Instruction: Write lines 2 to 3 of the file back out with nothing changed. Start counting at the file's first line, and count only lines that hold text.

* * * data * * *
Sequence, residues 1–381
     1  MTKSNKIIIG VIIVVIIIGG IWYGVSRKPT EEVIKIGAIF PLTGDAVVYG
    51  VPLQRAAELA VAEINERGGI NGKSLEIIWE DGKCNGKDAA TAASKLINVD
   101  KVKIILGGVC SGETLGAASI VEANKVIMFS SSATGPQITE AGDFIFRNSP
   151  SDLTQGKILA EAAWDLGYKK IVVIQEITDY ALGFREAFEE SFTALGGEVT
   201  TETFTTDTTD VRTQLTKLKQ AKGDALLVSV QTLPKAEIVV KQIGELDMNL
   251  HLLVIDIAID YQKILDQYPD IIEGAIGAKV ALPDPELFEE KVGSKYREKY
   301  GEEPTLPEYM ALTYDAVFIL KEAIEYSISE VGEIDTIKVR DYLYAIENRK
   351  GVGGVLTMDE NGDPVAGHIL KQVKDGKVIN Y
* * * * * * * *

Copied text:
     1  MTKSNKIIIG VIIVVIIIGG IWYGVSRKPT EEVIKIGAIF PLTGDAVVYG
    51  VPLQRAAELA VAEINERGGI NGKSLEIIWE DGKCNGKDAA TAASKLINVD